In the last few years, most new instruments and signal processors tend to offer ever more intricate variations on existing hardware devices. Have we reached a point where there are no more new sounds to be had? Clearly, 2CAudio thinks not.
The big picture
Kaleidoscope is an AU/VST/AAX plugin effect based on a huge bank of parallel physically modelled resonators (a type of filter), modelling the way either strings or springs resonate, and applied independently to the left and right channels.
Both model types act like filters, accentuating certain frequencies and attenuating others, causing resonant frequencies to ring over a period of decay time.
Kaleidoscope offers four resonator modes (One String, Two Strings, One Spring and Two Springs), plus FIR, which delivers granular delay, regular delay and reverb-like effects.
None of this is revolutionary, but the way in which it's all controlled - and the number of resonators involved at any one time (up to 512) - certainly is.
Kaleidoscope uses images to control the various types of modulation. These images (the supplied ones are pixelated abstract patterns, rather than 'pictures' in the conventional sense, though any image can be used) can be non-destructively manipulated using various front panel controls - including changing their position and rotation - and by applying specific range values to their operation, all of which affects their modulating effect on the resonators. The resonator setup then works on the input signal in a tempo- synced loop from left to right.
To visualise this, imagine pressing a key on a piano. The hammer hits the string, and while this force has no tuning, panning or complex envelope of its own, the physical properties of the strings, the cabinet and the surrounding room create musical tones with harmonics that resonate and decay in ways that have no obvious relationship to the initial strike.
Kaleidoscope operates like all of the components of a piano (or any musical instrument), but with the ability to customise those components to a great extent.
So, what does this all amount to sonically? Kaleidoscope offers two functional 'modes': signal processing and sound generation (albeit based on an input signal).
The resonators can be made to act like an additive synth, creating entirely new tones from existing ones by adding harmonics (partials). There's also a white noise generator that can be added to the input to dramatically alter the results, or even used as the sole input source.
The plugin then dynamically adjusts properties such as tuning, level, harmonics, frequency attenuation and stereo image, as governed by the input signal, tuning map (controlling the tuning of the harmonics and resonated frequencies) and resonator setup, generating everything from musical parts (shifting stereo pads, gated basslines, etc), through other-worldly atonal bleeps and rhythmic crackles, to more conventional effects like morphing delays and chorusing-style noises.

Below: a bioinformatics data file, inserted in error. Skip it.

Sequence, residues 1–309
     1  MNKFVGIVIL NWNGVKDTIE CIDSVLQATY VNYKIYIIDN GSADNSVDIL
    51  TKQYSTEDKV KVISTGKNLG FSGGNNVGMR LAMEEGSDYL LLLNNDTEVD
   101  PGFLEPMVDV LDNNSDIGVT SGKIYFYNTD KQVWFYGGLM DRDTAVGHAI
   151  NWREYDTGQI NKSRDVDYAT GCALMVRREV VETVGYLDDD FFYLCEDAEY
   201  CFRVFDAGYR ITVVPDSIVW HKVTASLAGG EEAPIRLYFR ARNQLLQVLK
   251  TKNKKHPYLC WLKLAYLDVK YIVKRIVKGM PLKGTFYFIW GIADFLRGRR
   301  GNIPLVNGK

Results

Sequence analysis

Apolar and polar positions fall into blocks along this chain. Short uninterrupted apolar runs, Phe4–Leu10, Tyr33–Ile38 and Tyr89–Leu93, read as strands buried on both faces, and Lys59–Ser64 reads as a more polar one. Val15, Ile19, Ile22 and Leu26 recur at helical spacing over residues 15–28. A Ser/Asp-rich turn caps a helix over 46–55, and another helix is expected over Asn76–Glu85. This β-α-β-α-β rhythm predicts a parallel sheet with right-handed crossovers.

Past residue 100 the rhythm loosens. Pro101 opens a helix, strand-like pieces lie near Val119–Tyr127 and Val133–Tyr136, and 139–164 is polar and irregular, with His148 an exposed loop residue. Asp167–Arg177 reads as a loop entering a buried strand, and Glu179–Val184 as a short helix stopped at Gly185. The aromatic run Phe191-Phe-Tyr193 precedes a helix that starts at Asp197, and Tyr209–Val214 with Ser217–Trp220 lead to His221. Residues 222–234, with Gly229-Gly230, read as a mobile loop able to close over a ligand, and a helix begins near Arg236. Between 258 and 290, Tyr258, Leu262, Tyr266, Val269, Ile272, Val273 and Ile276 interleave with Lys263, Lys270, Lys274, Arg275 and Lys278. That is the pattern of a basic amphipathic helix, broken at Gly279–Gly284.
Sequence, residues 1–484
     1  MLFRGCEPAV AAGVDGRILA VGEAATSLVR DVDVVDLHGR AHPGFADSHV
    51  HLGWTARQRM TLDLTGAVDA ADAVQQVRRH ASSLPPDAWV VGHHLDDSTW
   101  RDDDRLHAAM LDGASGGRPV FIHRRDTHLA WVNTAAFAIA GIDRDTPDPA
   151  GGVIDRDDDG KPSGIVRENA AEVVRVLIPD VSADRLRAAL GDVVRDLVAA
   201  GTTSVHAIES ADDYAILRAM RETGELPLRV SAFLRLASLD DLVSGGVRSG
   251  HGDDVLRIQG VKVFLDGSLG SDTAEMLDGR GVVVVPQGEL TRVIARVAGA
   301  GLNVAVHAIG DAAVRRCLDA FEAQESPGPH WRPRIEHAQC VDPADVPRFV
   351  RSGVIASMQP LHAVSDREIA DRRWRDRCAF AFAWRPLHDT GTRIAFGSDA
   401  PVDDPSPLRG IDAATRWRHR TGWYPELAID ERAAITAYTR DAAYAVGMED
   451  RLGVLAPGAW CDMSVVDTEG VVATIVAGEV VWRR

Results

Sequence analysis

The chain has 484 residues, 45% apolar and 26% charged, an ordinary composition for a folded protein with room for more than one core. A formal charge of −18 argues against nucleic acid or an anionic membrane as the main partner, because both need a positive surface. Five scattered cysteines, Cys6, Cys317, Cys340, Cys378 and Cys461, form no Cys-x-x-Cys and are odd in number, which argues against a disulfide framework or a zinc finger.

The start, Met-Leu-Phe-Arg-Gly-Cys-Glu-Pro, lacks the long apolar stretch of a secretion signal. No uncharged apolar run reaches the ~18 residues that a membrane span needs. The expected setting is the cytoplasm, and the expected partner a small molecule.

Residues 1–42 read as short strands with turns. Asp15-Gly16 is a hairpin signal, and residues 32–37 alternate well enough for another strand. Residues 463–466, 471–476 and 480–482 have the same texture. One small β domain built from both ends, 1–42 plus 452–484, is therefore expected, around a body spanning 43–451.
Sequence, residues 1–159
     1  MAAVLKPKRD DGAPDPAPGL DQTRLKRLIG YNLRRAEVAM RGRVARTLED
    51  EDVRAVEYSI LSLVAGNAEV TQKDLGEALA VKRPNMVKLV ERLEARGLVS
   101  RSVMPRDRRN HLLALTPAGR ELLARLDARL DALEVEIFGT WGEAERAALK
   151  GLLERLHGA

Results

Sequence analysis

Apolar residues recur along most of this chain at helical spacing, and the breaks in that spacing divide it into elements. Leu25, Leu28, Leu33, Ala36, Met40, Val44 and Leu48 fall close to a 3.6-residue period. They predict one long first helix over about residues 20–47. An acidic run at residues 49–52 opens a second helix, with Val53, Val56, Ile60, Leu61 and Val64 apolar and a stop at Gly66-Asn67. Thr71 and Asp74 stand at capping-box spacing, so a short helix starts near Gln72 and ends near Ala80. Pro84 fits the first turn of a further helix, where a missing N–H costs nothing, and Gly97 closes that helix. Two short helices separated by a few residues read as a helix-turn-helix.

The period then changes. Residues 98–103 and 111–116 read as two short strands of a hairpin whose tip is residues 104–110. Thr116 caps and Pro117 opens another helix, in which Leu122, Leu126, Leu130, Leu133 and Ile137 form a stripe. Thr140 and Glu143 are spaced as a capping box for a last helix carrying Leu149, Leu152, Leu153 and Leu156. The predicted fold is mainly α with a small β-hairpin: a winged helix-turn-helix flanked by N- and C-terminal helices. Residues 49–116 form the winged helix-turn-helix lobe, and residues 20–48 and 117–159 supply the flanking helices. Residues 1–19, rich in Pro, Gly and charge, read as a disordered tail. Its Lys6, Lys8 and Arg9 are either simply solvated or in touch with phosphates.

Going even further than that, by using two image maps (one for input and one for output), separate control of these properties can be taken at the input and output stages, the latter giving control of the decay time of the resonances resulting from the input image map (as does the Feedback control).
There's also an extensive range of scales (the aforementioned tuning map) available to keep the results in key with your project... or not!
A million shades of grey
There's certainly no denying that Kaleidoscope is an innovative technological triumph. Its main problem, however, is that no matter what you use it for, the overall sonic flavour remains the same.
Though an 'effect', Kaleidoscope is, in operation, more like a keyboard player and his synth than, say, a chorus or delay - a keyboard player with a very distinct style, who only ever uses a couple of patches.
In practice, this means that, much like the patterns generated by the toy that the plugin takes its name from, the results may be infinite in their variation (and theoretically infinite in their output), but they're all still... well, kaleidoscopic!
If you're involved in sound design of any description, Kaleidoscope is a wet dream. 2CAudio's boast that it may come to define the sound of the 21st century is a little over-ambitious, but it certainly unlocks endless new and rhythmic iterations of existing sounds and can only help you stand apart from the pack.
Musical experimentalists and ambient artists, too, will love what they hear, as it's something you simply won't find elsewhere.
For the majority of electronic musicians, however, while producers of techno, minimal, deep house and liquid DnB might fall in love with Kaleidoscope at first sight, it could well turn out to be a whirlwind romance that quickly grows stale.
And for everyone else, alas, the (eminently justifiable) price tag and overall homogeneity of the results place Kaleidoscope squarely in the 'futuristic indulgence' category.